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American Banks

One of the main reasons for establishing a US low tax company is for how much easier it is for an American company to open a corporate account with an American bank, which are amongst the most respected in the world.

The banking regulations in the United States differ significantly when compared to its counterparts in other parts of the world. Whereas countries like the United Kingdom have one bank regulator, Banks in the US are regulated at both federal and state level it also has separate securities, commodities and insurance regulatory agencies. Some individual cities also have their own financial regulation laws.

All commercial banks are required to obtain FDIC insurance under the Federal Deposit Insurance Corporation Improvement Act of 1989. This deposit insurance started in January 1934 and guarantees the safety of deposits in members banks up to $250,000 per depositor per bank, a similar system was adopted in much of Europe after the recent global crisis. Banks are not allowed to go bankrupt in the United States and any that are in danger of failing are taken over by the FDIC to be administered temporarily and eventually sold off or merged with other banks.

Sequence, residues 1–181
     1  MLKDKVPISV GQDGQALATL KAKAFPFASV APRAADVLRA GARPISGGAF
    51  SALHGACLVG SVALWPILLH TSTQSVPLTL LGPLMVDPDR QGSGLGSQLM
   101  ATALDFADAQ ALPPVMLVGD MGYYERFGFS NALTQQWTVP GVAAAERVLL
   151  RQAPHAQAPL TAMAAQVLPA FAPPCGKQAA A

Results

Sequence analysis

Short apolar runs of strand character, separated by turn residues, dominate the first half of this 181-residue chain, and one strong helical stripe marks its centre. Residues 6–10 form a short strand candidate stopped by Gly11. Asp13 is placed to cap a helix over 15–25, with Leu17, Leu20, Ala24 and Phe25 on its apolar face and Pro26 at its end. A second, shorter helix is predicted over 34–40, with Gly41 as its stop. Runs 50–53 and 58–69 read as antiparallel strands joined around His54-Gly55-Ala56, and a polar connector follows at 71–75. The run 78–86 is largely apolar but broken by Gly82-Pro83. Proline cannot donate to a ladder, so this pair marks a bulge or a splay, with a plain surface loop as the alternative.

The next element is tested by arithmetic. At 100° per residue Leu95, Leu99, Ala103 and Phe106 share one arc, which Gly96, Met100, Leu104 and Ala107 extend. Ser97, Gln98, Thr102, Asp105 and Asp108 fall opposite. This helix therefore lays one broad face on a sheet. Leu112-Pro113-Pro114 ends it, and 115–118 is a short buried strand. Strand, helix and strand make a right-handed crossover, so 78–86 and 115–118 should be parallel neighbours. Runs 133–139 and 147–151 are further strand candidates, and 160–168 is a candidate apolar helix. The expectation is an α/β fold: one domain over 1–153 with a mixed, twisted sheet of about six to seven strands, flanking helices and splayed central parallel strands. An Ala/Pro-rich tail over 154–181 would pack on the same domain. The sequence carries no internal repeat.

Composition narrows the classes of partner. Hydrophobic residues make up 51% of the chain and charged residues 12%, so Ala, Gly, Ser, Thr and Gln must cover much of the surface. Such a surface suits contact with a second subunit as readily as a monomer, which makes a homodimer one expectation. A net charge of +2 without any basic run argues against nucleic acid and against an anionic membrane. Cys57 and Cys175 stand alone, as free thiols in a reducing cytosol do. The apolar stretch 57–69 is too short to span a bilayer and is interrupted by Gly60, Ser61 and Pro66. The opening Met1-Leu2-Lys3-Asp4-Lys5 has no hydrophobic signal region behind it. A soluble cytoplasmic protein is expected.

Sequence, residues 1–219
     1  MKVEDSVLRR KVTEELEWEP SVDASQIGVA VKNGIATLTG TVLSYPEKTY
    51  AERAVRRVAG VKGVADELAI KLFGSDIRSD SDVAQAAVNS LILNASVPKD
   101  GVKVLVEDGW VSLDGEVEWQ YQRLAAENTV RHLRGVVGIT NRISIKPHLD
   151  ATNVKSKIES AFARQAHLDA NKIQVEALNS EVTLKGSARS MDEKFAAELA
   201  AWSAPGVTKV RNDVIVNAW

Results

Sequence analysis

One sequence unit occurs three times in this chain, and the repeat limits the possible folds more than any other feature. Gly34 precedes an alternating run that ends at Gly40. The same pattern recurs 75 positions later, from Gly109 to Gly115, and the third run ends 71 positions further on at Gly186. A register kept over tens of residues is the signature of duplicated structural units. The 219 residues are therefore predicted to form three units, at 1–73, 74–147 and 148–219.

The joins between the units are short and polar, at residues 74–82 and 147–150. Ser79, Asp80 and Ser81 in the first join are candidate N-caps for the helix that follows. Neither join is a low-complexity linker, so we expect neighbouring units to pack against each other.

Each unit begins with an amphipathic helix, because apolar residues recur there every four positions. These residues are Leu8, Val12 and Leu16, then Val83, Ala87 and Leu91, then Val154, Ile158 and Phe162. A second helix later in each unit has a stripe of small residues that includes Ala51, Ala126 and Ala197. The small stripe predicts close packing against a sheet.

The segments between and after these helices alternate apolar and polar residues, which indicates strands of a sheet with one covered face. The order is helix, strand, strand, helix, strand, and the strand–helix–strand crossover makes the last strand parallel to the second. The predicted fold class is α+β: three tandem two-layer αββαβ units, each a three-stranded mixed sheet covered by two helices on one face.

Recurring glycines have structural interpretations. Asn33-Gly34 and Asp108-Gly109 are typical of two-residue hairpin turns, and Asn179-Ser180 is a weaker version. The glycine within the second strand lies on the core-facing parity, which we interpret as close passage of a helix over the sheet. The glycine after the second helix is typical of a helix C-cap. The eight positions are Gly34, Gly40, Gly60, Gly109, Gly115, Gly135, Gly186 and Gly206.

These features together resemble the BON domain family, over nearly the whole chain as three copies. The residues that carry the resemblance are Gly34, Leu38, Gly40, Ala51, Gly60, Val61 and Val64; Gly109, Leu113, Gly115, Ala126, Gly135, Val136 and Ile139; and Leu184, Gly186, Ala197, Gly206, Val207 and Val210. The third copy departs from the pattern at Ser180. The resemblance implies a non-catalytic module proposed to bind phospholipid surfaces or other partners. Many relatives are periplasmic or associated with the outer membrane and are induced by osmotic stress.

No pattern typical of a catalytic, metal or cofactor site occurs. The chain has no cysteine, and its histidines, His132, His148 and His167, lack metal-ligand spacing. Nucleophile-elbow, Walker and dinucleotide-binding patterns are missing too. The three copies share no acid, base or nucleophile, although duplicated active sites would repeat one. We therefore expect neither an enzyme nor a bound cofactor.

Whilst the structure of the Central Bank for the United States is considered unique among central banks what is also very unusual is that the United States Department of the Treasury is responsible for the printing of the money as opposed to the central bank.

Banking emerged in the United States as a way to finance the Revolutionary War after continental currency being issued had led to depreciation. It was decided to follow England’s example and the Bank of Pennsylvania was founded in 1780, but it would be superseded in 1781 by the establishment of the Bank of North America. By 1860 more than 10,000 different bank notes were circulated, this made commerce very difficult and counterfeiting was common, many banks failed as a result. Congress passed the National Currency Act in 1863 to deal with this problem. Since the 1940’s the growth in America’s banking has increased so significantly that it can be described as a financial evolution.

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